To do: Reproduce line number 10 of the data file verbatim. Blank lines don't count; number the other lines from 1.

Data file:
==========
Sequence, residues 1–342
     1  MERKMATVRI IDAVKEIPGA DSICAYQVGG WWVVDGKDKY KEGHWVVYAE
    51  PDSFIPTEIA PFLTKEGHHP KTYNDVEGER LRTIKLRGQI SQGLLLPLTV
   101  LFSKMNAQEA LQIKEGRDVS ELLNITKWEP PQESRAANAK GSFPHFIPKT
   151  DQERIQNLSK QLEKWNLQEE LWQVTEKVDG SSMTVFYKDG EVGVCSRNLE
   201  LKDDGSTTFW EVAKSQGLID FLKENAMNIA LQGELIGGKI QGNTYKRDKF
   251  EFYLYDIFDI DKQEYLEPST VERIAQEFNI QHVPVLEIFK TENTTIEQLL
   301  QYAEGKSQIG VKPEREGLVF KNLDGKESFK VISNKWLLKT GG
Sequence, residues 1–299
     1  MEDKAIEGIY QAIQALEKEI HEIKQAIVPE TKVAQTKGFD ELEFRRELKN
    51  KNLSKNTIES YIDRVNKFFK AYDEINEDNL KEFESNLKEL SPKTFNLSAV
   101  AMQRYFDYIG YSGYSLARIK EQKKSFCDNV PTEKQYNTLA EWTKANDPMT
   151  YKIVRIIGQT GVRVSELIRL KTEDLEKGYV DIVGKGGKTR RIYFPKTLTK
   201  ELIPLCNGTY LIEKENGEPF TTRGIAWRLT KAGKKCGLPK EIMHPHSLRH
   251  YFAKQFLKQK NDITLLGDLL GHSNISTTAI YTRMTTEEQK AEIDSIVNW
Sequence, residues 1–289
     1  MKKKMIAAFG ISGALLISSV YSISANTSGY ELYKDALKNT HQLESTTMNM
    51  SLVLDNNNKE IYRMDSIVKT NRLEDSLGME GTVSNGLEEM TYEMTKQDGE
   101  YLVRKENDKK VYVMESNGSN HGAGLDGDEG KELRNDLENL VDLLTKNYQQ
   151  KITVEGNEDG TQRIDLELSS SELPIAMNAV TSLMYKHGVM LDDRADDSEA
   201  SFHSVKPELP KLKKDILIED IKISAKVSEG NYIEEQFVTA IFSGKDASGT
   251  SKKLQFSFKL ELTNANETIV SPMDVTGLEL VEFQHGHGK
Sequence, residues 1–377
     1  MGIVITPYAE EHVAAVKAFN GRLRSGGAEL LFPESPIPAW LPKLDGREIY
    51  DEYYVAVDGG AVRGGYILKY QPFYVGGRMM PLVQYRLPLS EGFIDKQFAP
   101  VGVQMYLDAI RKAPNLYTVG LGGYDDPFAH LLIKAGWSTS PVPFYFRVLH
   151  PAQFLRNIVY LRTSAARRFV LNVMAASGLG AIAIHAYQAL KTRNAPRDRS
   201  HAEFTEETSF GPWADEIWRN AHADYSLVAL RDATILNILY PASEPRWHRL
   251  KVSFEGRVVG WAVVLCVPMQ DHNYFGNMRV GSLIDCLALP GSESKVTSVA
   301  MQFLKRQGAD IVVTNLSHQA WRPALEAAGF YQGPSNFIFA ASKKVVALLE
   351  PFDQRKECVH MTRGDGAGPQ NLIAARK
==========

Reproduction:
     1  MEDKAIEGIY QAIQALEKEI HEIKQAIVPE TKVAQTKGFD ELEFRRELKN